Ireland spurned a glorious opportunity when Russell kicked the ball against Murray who picked up and raced in-field before finding Jamie Heaslip who was stopped short but popped the ball into Scottish hands.

Maitland prevented a certain try with his last ditch tackle on Rob Kearney who had left Hogg for dead, but his foot slipped into touch before he passed inside to Earls.

With the Scots visibly tiring, the score was beginning to seem inevitable and it came after a Garry Ringrose show-and-go before Jackson stepped inside Dunbar to score.

The out-half converted his own score to edge Ireland in front as Schmidt began to unleash his bench and the Irish pressure game continued but they couldn’t gain scoreboard separation and a penalty concession for hands in the ruck handed Scotland a rare trip into the opposition half.

Poite penalised Jackson for not rolling and Laidlaw put his side back in front and when Ireland attempted to hit back a Stander knock-on meant Scotland could finish the game on the front-foot.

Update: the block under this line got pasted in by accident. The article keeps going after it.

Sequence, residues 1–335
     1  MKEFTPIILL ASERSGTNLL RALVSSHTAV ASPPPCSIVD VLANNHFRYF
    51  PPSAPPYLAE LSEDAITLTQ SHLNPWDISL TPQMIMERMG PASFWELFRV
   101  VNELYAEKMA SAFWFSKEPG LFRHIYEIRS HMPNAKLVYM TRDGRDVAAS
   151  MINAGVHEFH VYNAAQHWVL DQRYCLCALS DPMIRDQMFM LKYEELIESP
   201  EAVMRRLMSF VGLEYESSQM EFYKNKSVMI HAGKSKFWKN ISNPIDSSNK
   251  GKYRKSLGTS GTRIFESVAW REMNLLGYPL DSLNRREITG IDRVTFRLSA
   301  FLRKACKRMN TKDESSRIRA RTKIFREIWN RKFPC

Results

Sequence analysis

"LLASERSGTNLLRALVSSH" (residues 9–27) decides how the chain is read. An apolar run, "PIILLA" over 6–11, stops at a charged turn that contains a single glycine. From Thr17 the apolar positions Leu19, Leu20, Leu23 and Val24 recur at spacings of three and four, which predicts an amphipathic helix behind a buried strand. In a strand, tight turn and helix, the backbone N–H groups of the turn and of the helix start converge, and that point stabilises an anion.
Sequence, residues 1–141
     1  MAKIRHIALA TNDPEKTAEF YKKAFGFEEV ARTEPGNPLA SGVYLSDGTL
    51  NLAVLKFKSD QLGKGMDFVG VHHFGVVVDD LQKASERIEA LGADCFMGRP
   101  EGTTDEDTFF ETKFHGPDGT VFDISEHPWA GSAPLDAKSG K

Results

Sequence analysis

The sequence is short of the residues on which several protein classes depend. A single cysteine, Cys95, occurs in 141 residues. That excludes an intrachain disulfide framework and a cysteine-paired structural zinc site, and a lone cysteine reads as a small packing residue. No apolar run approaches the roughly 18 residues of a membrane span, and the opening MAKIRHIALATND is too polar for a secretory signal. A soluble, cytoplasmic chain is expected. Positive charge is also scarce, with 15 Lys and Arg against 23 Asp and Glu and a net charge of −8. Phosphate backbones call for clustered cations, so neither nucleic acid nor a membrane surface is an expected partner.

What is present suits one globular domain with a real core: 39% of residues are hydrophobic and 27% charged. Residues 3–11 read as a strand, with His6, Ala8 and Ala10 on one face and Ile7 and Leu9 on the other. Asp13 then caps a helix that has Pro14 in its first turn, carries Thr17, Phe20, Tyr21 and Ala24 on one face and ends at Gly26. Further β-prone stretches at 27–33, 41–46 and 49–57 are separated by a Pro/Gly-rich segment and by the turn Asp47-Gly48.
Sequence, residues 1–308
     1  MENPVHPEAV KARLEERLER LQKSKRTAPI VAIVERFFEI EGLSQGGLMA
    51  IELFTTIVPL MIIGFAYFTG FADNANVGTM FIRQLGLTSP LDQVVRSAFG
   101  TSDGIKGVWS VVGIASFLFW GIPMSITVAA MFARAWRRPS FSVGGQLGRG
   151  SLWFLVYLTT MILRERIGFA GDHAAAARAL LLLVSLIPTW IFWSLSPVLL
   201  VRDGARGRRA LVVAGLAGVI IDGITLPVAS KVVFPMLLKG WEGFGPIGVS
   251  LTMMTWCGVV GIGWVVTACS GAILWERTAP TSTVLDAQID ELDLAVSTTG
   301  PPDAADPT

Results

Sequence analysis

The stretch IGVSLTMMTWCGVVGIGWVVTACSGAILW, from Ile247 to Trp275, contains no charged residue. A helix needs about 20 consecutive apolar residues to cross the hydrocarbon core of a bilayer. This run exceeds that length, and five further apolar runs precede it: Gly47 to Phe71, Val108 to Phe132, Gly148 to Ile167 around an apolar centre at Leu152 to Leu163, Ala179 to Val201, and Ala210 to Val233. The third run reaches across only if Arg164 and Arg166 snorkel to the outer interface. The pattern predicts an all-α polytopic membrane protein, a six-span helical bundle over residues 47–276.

Tommy Bowe went high on Seymour but escaped a yellow card and rather than kick at goal, Laidlaw went for the killer bonus point try by kicking to touch.

They came up short, but forced a penalty. This time the Scotland captain went for the points and there was no time for another Irish fight-back.

SCOTLAND – S Hogg; S Maitland, H Jones (M Bennett 60), A Dunbar, T Seymour; F Russell (D Weir 46-52 HIA), G Laidlaw (capt); A Dell (G Reid 56), F Brown (R Ford 5-10 Blood, 26), Z Fagerson; R Gray, J Gray; R Wilson, H Watson (J Barclay 49), J Strauss (T Swinson 66).

IRELAND – R Kearney; K Earls (T Bowe 68), G Ringrose, R Henshaw, S Zebo; P Jackson, C Murray; J McGrath (C Healy 56), R Best (N Scannell ), T Furlong (J Ryan 69); D Toner, I Henderson; CJ Stander, S O’Brien (J van der Flier 66), J Heaslip.

Referee: R Poite (France)